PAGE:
Special Report: Underaged and Overexposed

(Source: Chandler Morgan/WTVM)
(Source: Chandler Morgan/WTVM)
(Source: Chandler Morgan/WTVM)
(Source: Chandler Morgan/WTVM)
(Source: Chandler Morgan/WTVM)
(Source: Chandler Morgan/WTVM)
(Source: Grand Theft Auto)
(Source: Grand Theft Auto)

(WTVM) - It's on your phone, your television, in your music, in your children's video games- it's everywhere: sex.

It's selling and its filling the world around us, along with your child's eyes.

"Pornography is the new drug," explains Relationship and Family Educator Expert at the Pastoral Institute, Monica Cobis.

"The sexual content; it impacts the brain chemistry and it lights up the pleasure centers of the brain you would get from doing drugs. Pornography is the same thing. But the kids don't know that," said Cobis

Cobis said for many children, it's the latest addition.

"Children are being exposed at an earlier age and we are seeing that kids are becoming addicted by age 11," said Cobis who works with families and children on a daily basis on topics including addiction.

Cobis said parents play a huge role in any addiction, especially when children are addicted to pornography.

"Parents, be aware," said Cobis. "If you gave your child a device then its is your responsibility to keep tabs on that. Period."

Whether it's a device such as a smart phone, tablet or computer, Cobis said it's these kinds of devices that unlock and expose some of the most graphic content. All free to land right in the hands of your child and fill their eyes with X-rated materials.

Cobis said most of the time the addiction starts by accident.

"About 27 percent of kids accidentally find these sites," said Cobis. "Its not that they are looking. They might accidentally find a site, and then what are they going to do? They are kids. They are curious. They are going to watch."

As an educator at the Pastoral Institute, Cobis said it's a recurring theme, happening way too often than it should.

"We have one girl who got a device at the age of eight and accidentally found a porn site," Cobis explained. "Then her mom found her a few weeks later under the covers watching this pornography. Her mom was shocked that was going on, but the mom didn't put any blocks on the phone."

Smart devices and phones? Searching the internet or stumbling upon pornographic sites is only one part of the puzzle.

Cobis said the issues, go even deeper and darker than that, as they find a home to your television screens and take over game consoles, such as Xbox or Playstations.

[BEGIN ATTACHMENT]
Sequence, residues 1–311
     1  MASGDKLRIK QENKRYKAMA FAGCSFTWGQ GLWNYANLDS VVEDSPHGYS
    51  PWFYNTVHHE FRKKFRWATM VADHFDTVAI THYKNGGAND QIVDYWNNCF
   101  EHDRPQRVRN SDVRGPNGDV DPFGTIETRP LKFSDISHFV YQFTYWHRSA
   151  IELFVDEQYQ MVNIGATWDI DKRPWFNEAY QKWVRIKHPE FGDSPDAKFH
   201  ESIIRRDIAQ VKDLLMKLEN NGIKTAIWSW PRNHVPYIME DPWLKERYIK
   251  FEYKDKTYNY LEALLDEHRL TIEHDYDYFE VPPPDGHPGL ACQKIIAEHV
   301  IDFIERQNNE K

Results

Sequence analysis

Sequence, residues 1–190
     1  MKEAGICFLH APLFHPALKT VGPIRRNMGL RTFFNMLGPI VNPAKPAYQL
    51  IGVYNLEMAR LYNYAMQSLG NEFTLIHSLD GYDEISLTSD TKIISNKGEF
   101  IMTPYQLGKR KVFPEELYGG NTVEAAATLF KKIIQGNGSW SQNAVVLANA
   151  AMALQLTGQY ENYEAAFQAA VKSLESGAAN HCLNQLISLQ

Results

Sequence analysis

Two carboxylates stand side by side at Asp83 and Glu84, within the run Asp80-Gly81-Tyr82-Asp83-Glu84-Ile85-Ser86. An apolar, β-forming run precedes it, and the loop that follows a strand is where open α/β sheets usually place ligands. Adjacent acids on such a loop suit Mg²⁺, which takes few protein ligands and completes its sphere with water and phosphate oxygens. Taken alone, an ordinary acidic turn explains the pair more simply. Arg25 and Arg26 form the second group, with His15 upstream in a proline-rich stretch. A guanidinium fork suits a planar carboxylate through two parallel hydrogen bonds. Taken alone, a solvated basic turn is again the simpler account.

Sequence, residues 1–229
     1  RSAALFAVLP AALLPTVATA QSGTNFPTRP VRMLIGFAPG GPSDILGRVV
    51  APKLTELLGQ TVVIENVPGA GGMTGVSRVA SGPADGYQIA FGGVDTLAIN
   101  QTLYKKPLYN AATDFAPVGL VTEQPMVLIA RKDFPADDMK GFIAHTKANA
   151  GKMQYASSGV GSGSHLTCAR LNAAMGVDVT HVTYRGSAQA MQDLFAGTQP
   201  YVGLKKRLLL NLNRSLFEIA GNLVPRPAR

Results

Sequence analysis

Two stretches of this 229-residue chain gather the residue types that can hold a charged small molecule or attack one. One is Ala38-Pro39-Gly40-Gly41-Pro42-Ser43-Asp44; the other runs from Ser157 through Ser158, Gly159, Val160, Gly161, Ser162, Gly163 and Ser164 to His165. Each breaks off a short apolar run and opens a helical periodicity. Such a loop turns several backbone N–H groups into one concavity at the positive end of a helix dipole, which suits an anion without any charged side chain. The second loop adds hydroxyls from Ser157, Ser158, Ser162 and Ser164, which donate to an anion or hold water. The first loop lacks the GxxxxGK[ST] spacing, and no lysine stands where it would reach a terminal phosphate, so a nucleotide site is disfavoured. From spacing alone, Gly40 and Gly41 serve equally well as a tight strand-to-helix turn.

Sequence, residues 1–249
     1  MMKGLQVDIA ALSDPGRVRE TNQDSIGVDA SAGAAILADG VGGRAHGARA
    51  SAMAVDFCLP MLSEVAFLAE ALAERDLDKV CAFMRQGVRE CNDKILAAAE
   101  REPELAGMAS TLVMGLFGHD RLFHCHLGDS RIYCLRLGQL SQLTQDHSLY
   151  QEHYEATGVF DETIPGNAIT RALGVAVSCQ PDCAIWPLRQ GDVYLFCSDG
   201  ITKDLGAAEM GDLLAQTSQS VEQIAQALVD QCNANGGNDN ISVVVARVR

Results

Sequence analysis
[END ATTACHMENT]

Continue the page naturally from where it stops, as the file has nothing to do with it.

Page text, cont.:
"On Grand Theft Auto when we interviewed sixth graders, we asked them how many played this game and 5 out of 6 did," said Cobis. "These 11-year-olds are watching a mature game with graphic material."

Cobis said parents fail to recognize what the rating truly means for games like Grand Theft Auto, a game rated "mature" according to the entertainment software rating board.

The ESRB states on their website mature games have "Content generally suitable for ages 17 and up and may contain intense violence, blood and gore, sexual content, and/or strong language."

"In this particular game, players can actually have first person sex, as if they are having sex with an individual, and these kids have access to that," said Cobis referring to a scene in the game where players can visit a virtual strip club and engage in various behaviors once inside.

But the sexual content, the explicit images, the x-rated undertones; it doesn't stop there. Cobis said they can even fill your children's ears, if you're not careful.

"Think about the songs nowadays that you just hear on popular radio," said Cobis. "How much have to deal with some sort of sexual content?"

Cobis said parents should listen to their children's music first, before allowing them to listen to it because of the sexual implications many songs have in society. Cobis also encourages parents to watch the music videos which accompany songs in order to get a better visualization of which words in the song may have sexual undertones.

Social media plays a huge role in sexual content exposure said Cobis.

"If you see what's going on in social media," said Cobis.  "It would make sense the patterns we're seeing in real life."

Cobis agreed its sites similar to World Star Hip Hop, a hub for videos professionally made and viewer submitted. The theme of the videos of World Star's website fall under unlisted categories such as sex, violence, alcohol, drugs and crime. With close to 2 million followers on Twitter, a heavy amount of their followers include users under the age of 18.

Although the World StarHipHop.com website has a user policy listed on a separate tab at the bottom of their home screen stating their content is "intended for users who are over the age of 13 and some of the materials on the site are only intended for those over the age of 18, World Star's Twitter handle @WorldStar, lists no type of warning in their informational biography.

"People think, it's just a way of life," said Cobis. "But it's a dangerous way of life."

Cobis said children and their exposure to sexual content is an issue families need to focus on.

"If we leave our kids out there they will become like that," said Cobis.

Cobis believes in order for the issue to be resolved, parents should set restrictions, limitations and software on their kid's smart devices which catch and monitor the computer usage; specifically sexual content.

"So we need other people to come in and say, 'Let's put some restrictions on the phones or let's put some rules on at school, or whatever the case may be."

Until a community wide effort is made, Cobis fears the sexual exposure and addictions will continue.

"It has to be a community wide effort, at least here in Columbus," said Cobis.

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